Inhibition of coronary atherosclerosis by propranolol in behaviorally predisposed monkeys fed an atherogenic diet.
We studied the effect of propranolol on the diet-induced coronary artery atherosclerosis (CAA) in 30 adult male cynomolgus monkeys living in social groupings of five animals each. Animals in the "treated" segment (n = 15) consumed propranolol, which was mixed into an atherogenic diet. Animals in the "untreated" group (n = 15) consumed only the atherogenic diet. Finally, the social groupings were subjected to disruption through monthly redistribution of monkeys among the groups within each treatment segment. The experiment lasted 26 months, following which all animals underwent autopsy during which the coronary arteries were evaluated for atherosclerosis. Regarding atherosclerosis, we observed a significant interaction between social status and experimental condition (p less than .03). Socially dominant animals had (as in previous studies) significantly exacerbated CAA, but only in the untreated segment; the effect of social dominance on CAA was abolished by long-term administration of propranolol. The antiatherogenic effect of propranolol on dominant animals was independent of the influences of serum lipid concentrations, blood pressure, and resting heart rate. We conclude that treatment with beta-adrenergic-blocking agents may confer a degree of protection against CAA among individuals behaviorally predisposed to coronary heart disease.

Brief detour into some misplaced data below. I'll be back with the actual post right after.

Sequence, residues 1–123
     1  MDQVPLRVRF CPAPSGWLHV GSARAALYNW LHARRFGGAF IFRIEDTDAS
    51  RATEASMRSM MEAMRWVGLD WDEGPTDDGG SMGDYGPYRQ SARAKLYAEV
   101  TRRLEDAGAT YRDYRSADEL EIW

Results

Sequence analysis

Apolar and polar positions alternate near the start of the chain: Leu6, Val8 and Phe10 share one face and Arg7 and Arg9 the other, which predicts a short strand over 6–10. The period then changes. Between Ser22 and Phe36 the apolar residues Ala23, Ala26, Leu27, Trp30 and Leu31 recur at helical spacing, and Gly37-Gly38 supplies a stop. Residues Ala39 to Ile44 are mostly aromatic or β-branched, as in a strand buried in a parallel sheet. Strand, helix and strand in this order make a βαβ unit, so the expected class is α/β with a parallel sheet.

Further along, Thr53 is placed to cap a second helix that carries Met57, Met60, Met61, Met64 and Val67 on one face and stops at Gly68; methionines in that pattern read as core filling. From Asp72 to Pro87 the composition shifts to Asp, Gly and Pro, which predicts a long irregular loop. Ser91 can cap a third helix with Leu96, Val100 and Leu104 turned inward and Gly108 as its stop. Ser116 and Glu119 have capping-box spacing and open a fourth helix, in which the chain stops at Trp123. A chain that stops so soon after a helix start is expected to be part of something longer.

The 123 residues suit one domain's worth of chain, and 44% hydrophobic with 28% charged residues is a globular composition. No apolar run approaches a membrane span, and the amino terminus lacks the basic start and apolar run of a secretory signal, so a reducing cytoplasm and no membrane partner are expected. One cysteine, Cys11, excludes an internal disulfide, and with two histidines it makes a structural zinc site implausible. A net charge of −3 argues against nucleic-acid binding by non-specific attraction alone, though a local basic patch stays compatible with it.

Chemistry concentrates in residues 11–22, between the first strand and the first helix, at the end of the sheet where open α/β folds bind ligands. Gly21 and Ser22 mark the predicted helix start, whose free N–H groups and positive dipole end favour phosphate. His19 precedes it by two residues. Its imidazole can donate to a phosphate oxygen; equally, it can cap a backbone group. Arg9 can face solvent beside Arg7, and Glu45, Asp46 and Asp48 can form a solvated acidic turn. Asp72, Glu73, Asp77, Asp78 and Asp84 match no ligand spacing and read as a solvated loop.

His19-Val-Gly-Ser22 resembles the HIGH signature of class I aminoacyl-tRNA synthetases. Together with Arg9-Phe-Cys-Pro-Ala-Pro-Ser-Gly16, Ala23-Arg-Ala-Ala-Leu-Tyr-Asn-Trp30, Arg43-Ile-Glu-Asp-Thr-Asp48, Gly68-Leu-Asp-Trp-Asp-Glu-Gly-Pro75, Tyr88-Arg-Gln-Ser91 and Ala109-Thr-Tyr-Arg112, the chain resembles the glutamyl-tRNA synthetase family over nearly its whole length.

- Copyright © 1987 by American Heart Association